On the other hand, financial planning at Monument calls for fixed fees that normally reside between $2,500 and $25,000. Factors such as the services you’re receiving, the overall intricacy of your situation and if you have any past relationship with the firm will come into play when determining your rate. All fees will be quoted to you prior to being implemented. You may need to pay 50% of your charges upfront, with the rest due upon the completion of your financial plan.

What to Watch Out For

Monument Wealth Management is a fee-based firm, meaning it and its advisors make money from more than just the management fees charged to clients’ accounts. In Monument’s case, some of its employees have the opportunity to earn additional commissions on the sale of certain securities and insurance products. However, the firm is a registered fiduciary, meaning its advisors are legally bound to act in your best financial interests at all times.

Disclosures

According to its SEC-filed paperwork, Monument Wealth Management has a clean legal and regulatory record.

Opening an Account With Monument Wealth Management

The best way to join forces with Monument Wealth Management is to either visit the firm in Alexandria, Virginia or call (703) 504-9600. You can also reach the firm via email at info@monumentwm.com.

If you prefer a more private route of communication, Monument offers an online contact form that will allow its advisors to contact you. All you need to give is your full name, email address, your company name (if applicable) and a short description of what you’re looking for.

Where Is Monument Wealth Management Located?

Monument Wealth Management has just one location in Alexandria, Virginia. Its exact address is 1701 Duke Street, Suite 425. You’ll find it right down the street from Joe Theismann’s Restaurant.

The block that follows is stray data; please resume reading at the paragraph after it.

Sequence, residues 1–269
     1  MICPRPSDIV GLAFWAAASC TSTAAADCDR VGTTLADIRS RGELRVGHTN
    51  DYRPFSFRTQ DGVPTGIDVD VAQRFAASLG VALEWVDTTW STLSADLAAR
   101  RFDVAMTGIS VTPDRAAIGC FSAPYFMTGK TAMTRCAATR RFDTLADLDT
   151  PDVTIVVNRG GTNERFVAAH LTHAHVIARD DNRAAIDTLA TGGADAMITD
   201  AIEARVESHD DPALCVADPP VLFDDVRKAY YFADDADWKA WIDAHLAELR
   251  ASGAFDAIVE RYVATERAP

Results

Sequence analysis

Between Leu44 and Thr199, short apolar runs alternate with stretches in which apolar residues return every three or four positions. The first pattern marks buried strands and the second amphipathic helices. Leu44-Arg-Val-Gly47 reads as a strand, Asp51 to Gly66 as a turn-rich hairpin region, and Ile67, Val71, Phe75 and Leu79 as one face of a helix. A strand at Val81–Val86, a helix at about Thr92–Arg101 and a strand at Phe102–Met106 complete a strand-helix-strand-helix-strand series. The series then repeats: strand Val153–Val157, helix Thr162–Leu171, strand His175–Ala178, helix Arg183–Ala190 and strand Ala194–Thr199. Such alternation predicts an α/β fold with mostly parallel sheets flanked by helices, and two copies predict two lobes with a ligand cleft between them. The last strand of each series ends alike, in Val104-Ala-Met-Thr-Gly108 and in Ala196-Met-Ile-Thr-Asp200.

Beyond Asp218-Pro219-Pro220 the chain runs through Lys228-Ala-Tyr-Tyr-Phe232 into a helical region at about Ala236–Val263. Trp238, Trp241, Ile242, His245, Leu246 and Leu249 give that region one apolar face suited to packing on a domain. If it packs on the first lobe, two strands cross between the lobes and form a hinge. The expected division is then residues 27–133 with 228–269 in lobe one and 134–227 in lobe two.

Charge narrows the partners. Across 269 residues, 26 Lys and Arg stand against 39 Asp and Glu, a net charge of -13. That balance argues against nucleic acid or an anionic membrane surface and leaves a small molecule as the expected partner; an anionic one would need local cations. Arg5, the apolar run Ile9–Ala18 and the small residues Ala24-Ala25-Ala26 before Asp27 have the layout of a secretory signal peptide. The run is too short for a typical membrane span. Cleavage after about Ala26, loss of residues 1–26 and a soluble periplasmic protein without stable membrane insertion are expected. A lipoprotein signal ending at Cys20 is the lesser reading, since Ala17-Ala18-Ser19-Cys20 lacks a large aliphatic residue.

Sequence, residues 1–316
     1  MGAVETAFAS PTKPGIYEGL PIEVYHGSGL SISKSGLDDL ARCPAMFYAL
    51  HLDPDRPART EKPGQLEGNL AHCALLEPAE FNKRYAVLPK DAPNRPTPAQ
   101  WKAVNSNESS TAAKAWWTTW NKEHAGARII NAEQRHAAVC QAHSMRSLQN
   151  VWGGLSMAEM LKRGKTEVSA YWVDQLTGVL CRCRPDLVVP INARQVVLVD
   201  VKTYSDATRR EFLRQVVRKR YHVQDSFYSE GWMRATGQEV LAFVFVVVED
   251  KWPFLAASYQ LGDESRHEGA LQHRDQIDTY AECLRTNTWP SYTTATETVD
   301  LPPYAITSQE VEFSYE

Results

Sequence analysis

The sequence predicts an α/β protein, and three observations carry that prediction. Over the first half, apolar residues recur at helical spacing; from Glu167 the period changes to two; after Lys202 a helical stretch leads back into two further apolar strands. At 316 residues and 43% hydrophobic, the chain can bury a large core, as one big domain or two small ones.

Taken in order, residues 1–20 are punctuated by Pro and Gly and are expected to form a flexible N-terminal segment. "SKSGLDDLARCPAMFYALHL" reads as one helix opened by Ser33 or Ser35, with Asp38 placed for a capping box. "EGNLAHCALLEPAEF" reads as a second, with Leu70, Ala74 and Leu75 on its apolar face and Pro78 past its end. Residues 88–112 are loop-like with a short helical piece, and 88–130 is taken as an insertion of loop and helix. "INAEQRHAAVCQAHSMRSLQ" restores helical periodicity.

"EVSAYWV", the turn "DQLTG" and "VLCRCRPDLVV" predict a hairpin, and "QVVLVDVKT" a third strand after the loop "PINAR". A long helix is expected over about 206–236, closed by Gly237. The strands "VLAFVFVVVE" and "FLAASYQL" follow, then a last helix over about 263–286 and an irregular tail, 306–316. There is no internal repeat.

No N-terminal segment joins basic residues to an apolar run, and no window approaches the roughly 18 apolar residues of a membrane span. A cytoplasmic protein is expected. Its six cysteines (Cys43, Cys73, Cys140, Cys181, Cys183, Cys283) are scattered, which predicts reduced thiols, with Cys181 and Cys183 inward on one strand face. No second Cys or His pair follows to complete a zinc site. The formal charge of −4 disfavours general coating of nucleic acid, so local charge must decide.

Tips to Boost Your Investment Return Potential

  • Financial advisors spend ample amounts of time embedded in the investment market. This typically provides them with plenty of valuable experience that they can then apply to your portfolio. The SmartAsset financial advisor matching tool makes finding a fiduciary advisor in your area extremely simple. Take a moment to answer the questionnaire within the tool, and you will be paired up with as many as three advisors in your area.
  • Taxes can quietly take a bite out of the returns you receive from your investment portfolio. The specific tax involved with selling investments is the capital gains tax. SmartAsset’s capital gains tax calculator can help you get a handle on what to expect from this charge so that you can work it into your considerations.

How Many Years $1 Million Lasts in Retirement

SmartAsset's interactive map highlights places where $1 million will last the longest in retirement. Zoom between states and the national map to see the top spots in each region. Also, scroll over any city to learn about cost of living in retirement there.

Least
Most
Rank City Housing Expenses Food Expenses Healthcare Expenses Utilities Expenses Transportation Expenses

Methodology SmartAsset calculated the average cost of living for retirees in the largest U.S. cities. Using that calculation, we determined how many years $1 million would last in retirement in each major city.

First, we looked at data from the Bureau of Labor Statistics (BLS) on the average annual expenditures of seniors throughout the country. We then applied cost of living data from the Council for Community and Economic Research to adjust those national average spending levels based on the costs of each expense category (housing, food, healthcare, utilities, transportation and other) in each city.

We assumed the $1 million would grow at a real return (interest minus inflation) of 2%, reflecting the typical return on a conservative investment portfolio. Finally, we divided $1 million by the sum of each of those annual numbers to determine how long $1 million would last in each of the cities in our study.

Sources: Bureau of Labor Statistics (BLS), Council for Community and Economic Research